Ranking: #93/111

Director: D.W. Griffith (USA)       

Genre: Epic Social Drama

Intolerance set the standard for spectacular sets in cinema as far back as in 1916, with D.W. Griffith being one of the great pioneers of epic dramas in cinema. The film weaves together four different stories from different ages dealing with the theme of intolerance. It becomes, on one level, a drama of comparisons as Griffith brilliantly recreates four different periods of history. With some huge sets, themselves works of art, the movie is a triumph of the visual imagination. Like all morality plays, however, there’s a tendency, at times, to be didactic. Nonetheless, the final effect, given the sweep of history covered in the story, and the technical dexterity in the mise-en-scène, and in the varied camera work, including aerial shots, strong use of depth-of-field, and dramatic close-ups, is dazzling.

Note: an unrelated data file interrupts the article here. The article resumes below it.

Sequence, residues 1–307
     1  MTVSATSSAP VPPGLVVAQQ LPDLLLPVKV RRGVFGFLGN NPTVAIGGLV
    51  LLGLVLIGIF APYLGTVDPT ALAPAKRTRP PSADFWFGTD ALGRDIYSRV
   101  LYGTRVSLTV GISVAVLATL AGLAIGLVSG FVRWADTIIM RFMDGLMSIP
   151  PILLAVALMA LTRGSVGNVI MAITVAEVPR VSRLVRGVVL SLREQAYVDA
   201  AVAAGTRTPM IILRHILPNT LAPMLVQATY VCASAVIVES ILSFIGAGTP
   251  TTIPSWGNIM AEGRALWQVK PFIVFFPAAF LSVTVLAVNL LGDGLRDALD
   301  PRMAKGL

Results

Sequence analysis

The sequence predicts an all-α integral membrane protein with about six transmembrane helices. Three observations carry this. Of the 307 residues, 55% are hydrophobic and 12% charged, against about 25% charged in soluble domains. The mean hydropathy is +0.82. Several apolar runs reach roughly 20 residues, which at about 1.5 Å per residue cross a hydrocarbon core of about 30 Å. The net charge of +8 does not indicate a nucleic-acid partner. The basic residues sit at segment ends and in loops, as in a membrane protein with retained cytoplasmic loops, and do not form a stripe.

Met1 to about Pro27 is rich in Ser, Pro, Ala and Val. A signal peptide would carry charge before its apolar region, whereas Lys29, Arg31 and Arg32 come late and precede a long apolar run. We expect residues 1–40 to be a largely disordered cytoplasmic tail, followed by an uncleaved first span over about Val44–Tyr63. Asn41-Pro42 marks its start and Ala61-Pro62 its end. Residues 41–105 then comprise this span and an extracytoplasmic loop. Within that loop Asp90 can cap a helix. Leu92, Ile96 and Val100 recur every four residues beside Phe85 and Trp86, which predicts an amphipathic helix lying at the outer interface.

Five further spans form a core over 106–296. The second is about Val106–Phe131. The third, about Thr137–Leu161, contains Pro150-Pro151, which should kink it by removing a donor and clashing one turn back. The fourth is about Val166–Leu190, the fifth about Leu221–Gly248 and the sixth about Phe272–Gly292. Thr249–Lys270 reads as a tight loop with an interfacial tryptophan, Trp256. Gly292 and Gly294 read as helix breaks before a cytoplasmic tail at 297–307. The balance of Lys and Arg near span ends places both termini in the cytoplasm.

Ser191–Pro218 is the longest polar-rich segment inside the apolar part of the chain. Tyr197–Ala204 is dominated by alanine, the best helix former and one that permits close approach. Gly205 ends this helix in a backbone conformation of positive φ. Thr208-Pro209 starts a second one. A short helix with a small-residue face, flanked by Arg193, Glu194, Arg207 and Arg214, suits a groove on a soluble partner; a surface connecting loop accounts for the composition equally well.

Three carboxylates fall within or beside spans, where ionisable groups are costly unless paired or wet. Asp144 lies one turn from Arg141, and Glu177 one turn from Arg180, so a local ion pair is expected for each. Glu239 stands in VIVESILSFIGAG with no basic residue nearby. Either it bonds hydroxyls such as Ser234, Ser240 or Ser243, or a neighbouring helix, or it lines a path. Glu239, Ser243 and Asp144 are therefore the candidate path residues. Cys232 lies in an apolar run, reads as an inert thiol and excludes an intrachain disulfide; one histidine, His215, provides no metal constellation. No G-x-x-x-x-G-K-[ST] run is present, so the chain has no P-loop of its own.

Griffith also pioneered strong narrative structures in movies, itself an important leap forward for cinematic art when the silent movie era was still in its infancy. After setting the scene in each of the four stories within a story, they’re all carefully developed to show the impacts of intolerance on individuals and societies. Then the director cleverly interweaves the four climaxes and denouements into one grand, exciting finale of action.

Griffith once said that he made movies at the tempo of the “human pulse beat” (“Pace in the Movies” in Liberty magazine, 1926). It seems he tried to take viewers along with him in the journey of each plot, letting their heartbeats increase during moments of heightened excitement in the narrative. 

The pioneering director struggled throughout his life to become a fully independent producer-director and it’s clear he was an exceptionally visionary artist. Intolerance was one of the very first works of cinematic art and fully deserves its place in film history.